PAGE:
I agree, it doesn’t seem like they EVER catch them, and it doesn’t seem that there seems to be any desire on the part of the government (altho it may just be that it’s virtually impossible, I don’t know).
The problem is, you can be careful (I am, extremely so) but it seems the bad guys get smarter and better all the time. I don’t know how long we can stay a step ahead of them. I’m not a techie genius. At some point do we just throw in the towel and give up?
None of my banks have sent me anything. Yet.
Yeah, I know exactly what you mean.
I looked (in *Preview*) at an email from my auto insurer a couple of months back, and it looked EXACTLY like what I normally get from them, but didn’t seem ‘right’.
I finally noticed in the small print at the end that they had a letter in the acronym wrong. I deleted it without opening, then did a set of scans just to be safe.
I also web-based email accounts, and when something comes to them, no matter what or from whom, I right click on any links in the *PREVIEW*, and hit *PROPERTIES*, and that shows what the REAL address of the link is, no matter what it says it is. It doesn’t get opened if it’s got bad links.
Have to be careful, and check EACH link, because there are often a couple of real links to main site of the real company in th first part & very end, but the “money links” for the actual “offer” in the body of the message are the redirects.
I’ve googled some of them, and most are well know scam operations located mainly in China, Rumania, or Russia, where there is zero chance of doing anything about them.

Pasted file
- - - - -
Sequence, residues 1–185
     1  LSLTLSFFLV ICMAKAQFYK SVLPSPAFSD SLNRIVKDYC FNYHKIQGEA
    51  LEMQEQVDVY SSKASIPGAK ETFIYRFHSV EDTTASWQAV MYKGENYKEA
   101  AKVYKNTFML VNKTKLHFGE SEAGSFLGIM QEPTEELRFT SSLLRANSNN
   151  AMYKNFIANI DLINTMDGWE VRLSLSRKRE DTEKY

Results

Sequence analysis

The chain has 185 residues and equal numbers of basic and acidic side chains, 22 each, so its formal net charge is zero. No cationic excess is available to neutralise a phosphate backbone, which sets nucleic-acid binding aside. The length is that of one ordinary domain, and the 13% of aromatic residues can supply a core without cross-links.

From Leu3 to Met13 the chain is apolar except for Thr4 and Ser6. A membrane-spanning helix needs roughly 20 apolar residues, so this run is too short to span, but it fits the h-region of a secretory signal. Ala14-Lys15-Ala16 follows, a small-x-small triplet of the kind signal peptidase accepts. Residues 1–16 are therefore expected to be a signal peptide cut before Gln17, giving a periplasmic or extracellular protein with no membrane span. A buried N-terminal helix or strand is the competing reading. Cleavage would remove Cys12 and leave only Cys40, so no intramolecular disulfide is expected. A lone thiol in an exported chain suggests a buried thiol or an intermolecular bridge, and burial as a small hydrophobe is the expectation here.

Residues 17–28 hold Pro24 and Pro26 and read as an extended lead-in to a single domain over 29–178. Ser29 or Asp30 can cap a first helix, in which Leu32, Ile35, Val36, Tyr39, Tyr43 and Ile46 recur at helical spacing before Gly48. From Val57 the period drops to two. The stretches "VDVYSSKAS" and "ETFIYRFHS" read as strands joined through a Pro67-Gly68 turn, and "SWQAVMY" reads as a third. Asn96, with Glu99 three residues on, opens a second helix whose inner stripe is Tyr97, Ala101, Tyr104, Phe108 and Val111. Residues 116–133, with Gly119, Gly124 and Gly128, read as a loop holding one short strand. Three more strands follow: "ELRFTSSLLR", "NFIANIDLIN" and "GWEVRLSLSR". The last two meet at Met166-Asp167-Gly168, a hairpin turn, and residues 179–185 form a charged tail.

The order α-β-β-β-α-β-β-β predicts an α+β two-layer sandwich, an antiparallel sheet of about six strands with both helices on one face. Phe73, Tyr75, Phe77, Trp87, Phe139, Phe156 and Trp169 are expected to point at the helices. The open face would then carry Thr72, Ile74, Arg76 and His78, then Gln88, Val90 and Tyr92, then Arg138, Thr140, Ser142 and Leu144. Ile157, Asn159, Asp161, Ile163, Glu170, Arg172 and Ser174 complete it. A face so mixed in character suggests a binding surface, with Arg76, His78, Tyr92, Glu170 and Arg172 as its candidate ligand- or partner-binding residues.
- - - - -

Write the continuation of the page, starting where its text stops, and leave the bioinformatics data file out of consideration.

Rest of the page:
Hrm, I just got an email from US Bank about this very subject.
At least, it claimed to be from US Bank....
I got one also tonite from HSN (Home Shopping Network). I have the feeling this is a rather wide ranging breach of security, with many businesses affected, and thus we are affected. Great. Mine said they are already increasing their security measures. Better late than never,
Ha! The Nigerians have no trouble finding me as it is!
Ditto. I received the same thing from US Bank this morning. I wonder how huge this breach will turn out to be?
Yeah, I wondered at first... is this really a big deal and then I wondered...did they get more info than just email addresses? I guess we get to just wait and wonder until a bunch of us find our whole IDs are stolen.
Strangely, some of the companies listed have NOT contacted me yet.
I know I’m going to keep a close eye on my bank account in the coming days.
Perhaps some companies aren’t sure what to tell their customers yet. This really creeps me out.
Good idea, and good point.
Indeed, banks and other financial institutions are required by law to be conservative and above-board with how they handle customer information given to marketing companies. The Federal Reserve and the SEC have recently issued joint guidelines on this very subject; the press release is at Federal Regulators Issue Final Model Privacy Notice Form, and the model customer privacy notification opt-in form is here.
Thank you for that info. And before this happened, I have to admit, I really didn’t know they did this.